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Issue 331 – 19th century map of Frome brought up to date

a large scale map of the town, first published in 1886, was launched by the Deputy Mayor of Frome, cllr Pippa Goldfinger, at the Hunting Raven bookshop in Cheap Street on Saturday 2nd July.

The Frome Society for Local Study and the Frome & District Civic Society has published what may be the first map of its kind in Britain.
This is based on a reproduction from the Ordnance Survey’s most beautiful series of engraved town maps produced in the nineteenth century, which were intended to provide local public health boards with a large enough mapping based on which to prepare designs for healthy water, drainage and sewerage systems to each individual house.
John Peverley, chair of Frome Civic Society said, “This 1886 map of Frome has taken the society over a year to produce, and involved the digital merging of nine very detailed maps into one map. It’s been reduced in scale by half, from the original very large scale of 10.56 feet to the mile to 5.28 feet to the mile (ie. from 1:500 to 1:1,000) At this reduced scale, the map becomes more comprehensible, without losing detailed information.”
This painstaking work was carried out for the society by John’s son, David Peverley, a freelance software engineer, working in his spare time. When completed, the map was printed and folded by Butler Tanner and Dennis using the same machinery on which they now print and fold the Ordnance Survey’s Landranger and Explorer maps.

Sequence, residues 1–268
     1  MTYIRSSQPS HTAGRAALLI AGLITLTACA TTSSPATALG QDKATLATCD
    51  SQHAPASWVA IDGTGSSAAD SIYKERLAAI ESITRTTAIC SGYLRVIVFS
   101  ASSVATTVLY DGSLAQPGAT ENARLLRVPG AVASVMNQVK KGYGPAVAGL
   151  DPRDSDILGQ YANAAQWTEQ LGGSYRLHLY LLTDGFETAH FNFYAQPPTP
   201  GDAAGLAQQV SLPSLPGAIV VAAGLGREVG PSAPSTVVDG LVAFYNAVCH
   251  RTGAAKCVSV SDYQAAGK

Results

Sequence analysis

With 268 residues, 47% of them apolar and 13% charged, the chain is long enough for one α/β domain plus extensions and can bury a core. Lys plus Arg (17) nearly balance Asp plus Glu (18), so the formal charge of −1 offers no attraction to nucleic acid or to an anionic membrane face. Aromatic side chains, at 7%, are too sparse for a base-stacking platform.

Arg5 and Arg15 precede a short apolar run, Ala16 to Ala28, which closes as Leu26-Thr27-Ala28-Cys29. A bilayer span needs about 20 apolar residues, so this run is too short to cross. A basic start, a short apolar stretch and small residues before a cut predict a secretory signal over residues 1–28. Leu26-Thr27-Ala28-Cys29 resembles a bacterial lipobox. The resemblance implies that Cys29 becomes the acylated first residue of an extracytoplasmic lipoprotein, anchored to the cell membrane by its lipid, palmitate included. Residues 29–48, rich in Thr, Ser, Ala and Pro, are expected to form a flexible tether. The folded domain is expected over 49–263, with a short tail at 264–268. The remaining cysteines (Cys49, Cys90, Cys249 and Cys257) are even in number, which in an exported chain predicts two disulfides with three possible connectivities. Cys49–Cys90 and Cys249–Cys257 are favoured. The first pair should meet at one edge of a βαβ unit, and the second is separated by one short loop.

The coverage of the map includes the centre of Frome and the Trinity area.
Peter Clark, chair of the Frome Society for Local Study said, “It will prove to be of great interest to both historians and those who know Frome. It contains so much detailed information that it will keep you absorbed for hours.”
The map is available in both a folded and flat version for display and costs £10. A CD of the map is also available for £10 covering a much wider area of the town. Both can be purchased from the Hunting Raven bookshop, Frome Museum, the Tourist Information Centre in the library, or direct from the society by contacting or through the society’s website

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